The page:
Will Henry 3 years ago from British Columbia

      Hi Peter, yes, what you're describing is basically what Schlage offers with their Nexia system. You can unlock and re-lock, set up and change codes, audit entry / exits, and check lock status remotely. The Schlage Touchscreen reviewed above is Nexia compatible, and another option is the Schlage LiNK. There IS a small monthly fee involved.

      There are others like the Kevo that have similar capacity (and free remote access), but they don't include a touchpad.

      I hope that helps!

    • profile image

      Lisa 3 years ago

      Hi, I'm trying to find a keyless door lock that doesn't use batteries and a coded one since I would like to give codes to several people. Which do you recommend? Thanks!

    • Gadget Boy profile image

      Will Henry 3 years ago from British Columbia

      Hi Lisa,

      There aren't too many consumer grade keypad door locks like you describe that don't use batteries.

      The problem is in installation — it usually requires drilling the door and custom setup, and most companies don't give that kind of installation out of the box.

      I have two suggestions. First, you can get a custom wired keypad from a locksmith or security company, but it'll cost an arm and a leg. Second, you can ask an electrician to convert one of the above keypad door locks from battery to AC. But that will cost you as well and probably void any warranty.

      The batteries in the units I suggested all last a really long time, and they warn you when juice is low. They're definitely the more headache free option!

    • profile image

      Patty 3 years ago

      Do you know if there's any kind of keyless lock set for a multi-point locking system? We have an Anderson door and haven't been able to find anything that works with those locks.

    • Gadget Boy profile image

      Will Henry 3 years ago from British Columbia

      Hi Patty, not off the top of my head, no. Andersen locks are rare enough that no one has entered the keyless market that I'm aware of. If I run across anything I'll re-post. I'd say your best bet would be to contact a local security company... more expensive, but they'll probably be able to customize something to suit your needs.

    • profile image

      Joe 3 years ago

      Are there any door locks that work like the "keyless go" locks on modern cars? I want to keep the fob in my pocket and have the door check it when I turn the handle, or at least just press a button on the door - no numeric keypad or anything else.

    • Gadget Boy profile image

      Will Henry 3 years ago from British Columbia

      Hi Joe, short answer is yes.

      If you have a smart phone, there are several locks that will detect when you're close and unlock. I've written an article on iPhone controlled door locks, and several have that feature. Both the Kevo and the August Smart Lock have proximity unlock features.

      Open my profile and find the article on iPhone door locks for reviews of both. :)

    • profile image

      Joe 3 years ago

      Yeah, I know about smartphones your article already spelled that out. I'm talking about keyfobs. Smartphones have a host of problems - security issues (stalking -- , easily cracked -- http://0b4af6cdc2f0c5998459-c0245c5c937c5dedcca3f1... ) as well as being way more bulky than a keyfob.

    • Gadget Boy profile image

      Will Henry 3 years ago from British Columbia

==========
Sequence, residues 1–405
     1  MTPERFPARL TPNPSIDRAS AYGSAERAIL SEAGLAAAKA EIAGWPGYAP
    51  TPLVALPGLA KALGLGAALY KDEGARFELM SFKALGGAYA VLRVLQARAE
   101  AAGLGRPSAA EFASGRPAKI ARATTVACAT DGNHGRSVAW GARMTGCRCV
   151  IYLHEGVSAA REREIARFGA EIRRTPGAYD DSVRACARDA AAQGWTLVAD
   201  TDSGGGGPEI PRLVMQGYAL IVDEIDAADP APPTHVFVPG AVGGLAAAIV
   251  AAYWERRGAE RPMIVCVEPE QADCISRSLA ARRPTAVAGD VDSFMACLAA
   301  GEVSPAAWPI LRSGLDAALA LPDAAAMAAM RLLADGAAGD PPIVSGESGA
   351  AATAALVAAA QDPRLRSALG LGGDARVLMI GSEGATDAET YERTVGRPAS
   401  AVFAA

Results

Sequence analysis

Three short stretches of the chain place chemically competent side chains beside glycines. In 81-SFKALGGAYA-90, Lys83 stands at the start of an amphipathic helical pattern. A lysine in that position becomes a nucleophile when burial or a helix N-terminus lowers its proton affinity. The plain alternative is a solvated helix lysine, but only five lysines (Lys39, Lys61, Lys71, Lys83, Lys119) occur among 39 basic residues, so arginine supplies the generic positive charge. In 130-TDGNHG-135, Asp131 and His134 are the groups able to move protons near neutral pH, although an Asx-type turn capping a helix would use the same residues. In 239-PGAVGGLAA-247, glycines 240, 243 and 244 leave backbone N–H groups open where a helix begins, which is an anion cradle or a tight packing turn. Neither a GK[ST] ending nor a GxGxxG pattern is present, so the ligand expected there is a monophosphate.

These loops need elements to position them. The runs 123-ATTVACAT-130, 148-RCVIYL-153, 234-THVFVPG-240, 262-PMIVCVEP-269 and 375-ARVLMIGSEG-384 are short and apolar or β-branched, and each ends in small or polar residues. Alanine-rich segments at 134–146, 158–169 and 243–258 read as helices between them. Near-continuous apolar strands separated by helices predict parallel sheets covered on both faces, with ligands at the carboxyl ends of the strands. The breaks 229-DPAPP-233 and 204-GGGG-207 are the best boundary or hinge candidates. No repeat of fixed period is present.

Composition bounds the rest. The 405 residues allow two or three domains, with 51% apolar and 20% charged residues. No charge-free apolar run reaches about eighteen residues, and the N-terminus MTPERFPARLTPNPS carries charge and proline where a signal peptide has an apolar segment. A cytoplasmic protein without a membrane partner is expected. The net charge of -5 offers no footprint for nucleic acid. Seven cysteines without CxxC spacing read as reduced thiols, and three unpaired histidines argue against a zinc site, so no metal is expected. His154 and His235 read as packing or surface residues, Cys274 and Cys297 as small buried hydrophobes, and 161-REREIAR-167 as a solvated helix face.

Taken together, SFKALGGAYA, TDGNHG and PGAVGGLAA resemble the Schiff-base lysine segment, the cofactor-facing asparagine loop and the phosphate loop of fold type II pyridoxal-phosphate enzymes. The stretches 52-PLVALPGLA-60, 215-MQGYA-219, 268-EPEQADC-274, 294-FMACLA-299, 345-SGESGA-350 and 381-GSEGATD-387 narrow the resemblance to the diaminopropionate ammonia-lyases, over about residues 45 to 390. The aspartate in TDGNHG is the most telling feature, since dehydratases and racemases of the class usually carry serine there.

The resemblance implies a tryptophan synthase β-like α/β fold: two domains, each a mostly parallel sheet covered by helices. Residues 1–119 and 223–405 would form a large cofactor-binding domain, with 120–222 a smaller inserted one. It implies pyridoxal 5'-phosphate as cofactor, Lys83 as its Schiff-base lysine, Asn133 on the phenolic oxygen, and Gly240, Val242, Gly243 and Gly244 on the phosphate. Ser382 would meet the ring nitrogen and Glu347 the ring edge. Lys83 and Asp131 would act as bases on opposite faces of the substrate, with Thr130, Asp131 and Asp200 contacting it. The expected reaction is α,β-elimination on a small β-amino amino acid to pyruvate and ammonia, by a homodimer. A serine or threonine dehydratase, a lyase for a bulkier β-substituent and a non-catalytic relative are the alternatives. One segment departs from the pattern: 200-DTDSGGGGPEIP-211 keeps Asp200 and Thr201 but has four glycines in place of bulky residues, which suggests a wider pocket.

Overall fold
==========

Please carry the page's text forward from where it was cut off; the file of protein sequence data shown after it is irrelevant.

Hey Joe, good points. I dug a little deeper, and apparently the Kevo also comes with a keyless fob which retains the proximity unlock feature! (I knew about the fob, but I had no idea you could proximity unlock with it, that's neat!) I've been pretty impressed with the Kevo, and I'd say it's the best bet.

    • profile image

      Martin 3 years ago

      Hi, can you recommend a digital/biometric lock for a rockdoor ultimate (vogue) ? This is a multi point locking door where the handle needs to be pulled up prior to being able to lock it.

      I have been looking at samsungs range which I like but again am unsure they will work.


    • Gadget Boy profile image

      Will Henry 3 years ago from British Columbia

      I'm afraid I don't know of any keyless door locks for Rockdoor. Keyless units for multi point lock systems aren't very common.

      It's likely that you could install a traditional style keyless deadbolt (like the Samzung EZON or the Kevo) above the handle assembly. But you'd have to leave the multi point system unlocked, obviously, and that may not be ideal for you. Deadbolts are quite secure, so that could work.

    • profile image

      Gabriel 3 years ago

      Hi, hope you can help me, is there a digital lock that can send you email alerts or something like that each time the door opens?

    • Gadget Boy profile image

      Will Henry 3 years ago from British Columbia

      Gabriel: Yup! The Schlage Touchscreen will do that if you sign up for Nexia. It can alert you each time the door is locked / unlocked.

      The Kevo does this as well. You can even customize which eKeys will send notifications to you!

    • Chary Izquierdo profile image

      Chary Izquierdo 3 years ago

      we have an old Intelock keylesss entry (see that needs replaced after ten years. Can't find anything quite like it. Especially liked that code entry is done by turning the knob. Do you know of anything similar?

    • Gadget Boy profile image

      Will Henry 3 years ago from British Columbia

      Hi Chary,

      I think Intelock still sells them! Check their website at www . intelock . com (remove the spaces). They don't have online sales, but if you contact them via email they can probably send a list of their retail locations.